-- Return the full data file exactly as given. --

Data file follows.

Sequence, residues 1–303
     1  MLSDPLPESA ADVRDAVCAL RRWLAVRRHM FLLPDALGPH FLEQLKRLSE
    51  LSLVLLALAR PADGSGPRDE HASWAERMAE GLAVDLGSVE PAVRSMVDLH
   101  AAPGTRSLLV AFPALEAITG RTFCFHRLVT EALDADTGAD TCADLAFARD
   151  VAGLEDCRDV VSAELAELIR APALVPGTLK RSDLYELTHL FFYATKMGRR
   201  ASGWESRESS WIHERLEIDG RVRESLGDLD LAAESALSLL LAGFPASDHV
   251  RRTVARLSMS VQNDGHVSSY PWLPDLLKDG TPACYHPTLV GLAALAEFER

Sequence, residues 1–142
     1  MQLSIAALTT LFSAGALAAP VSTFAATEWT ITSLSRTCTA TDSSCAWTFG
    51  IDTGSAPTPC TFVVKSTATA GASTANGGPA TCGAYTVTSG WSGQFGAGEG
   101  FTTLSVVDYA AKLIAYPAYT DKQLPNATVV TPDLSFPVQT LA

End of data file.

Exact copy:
Sequence, residues 1–303
     1  MLSDPLPESA ADVRDAVCAL RRWLAVRRHM FLLPDALGPH FLEQLKRLSE
    51  LSLVLLALAR PADGSGPRDE HASWAERMAE GLAVDLGSVE PAVRSMVDLH
   101  AAPGTRSLLV AFPALEAITG RTFCFHRLVT EALDADTGAD TCADLAFARD
   151  VAGLEDCRDV VSAELAELIR APALVPGTLK RSDLYELTHL FFYATKMGRR
   201  ASGWESRESS WIHERLEIDG RVRESLGDLD LAAESALSLL LAGFPASDHV
   251  RRTVARLSMS VQNDGHVSSY PWLPDLLKDG TPACYHPTLV GLAALAEFER

Sequence, residues 1–142
     1  MQLSIAALTT LFSAGALAAP VSTFAATEWT ITSLSRTCTA TDSSCAWTFG
    51  IDTGSAPTPC TFVVKSTATA GASTANGGPA TCGAYTVTSG WSGQFGAGEG
   101  FTTLSVVDYA AKLIAYPAYT DKQLPNATVV TPDLSFPVQT LA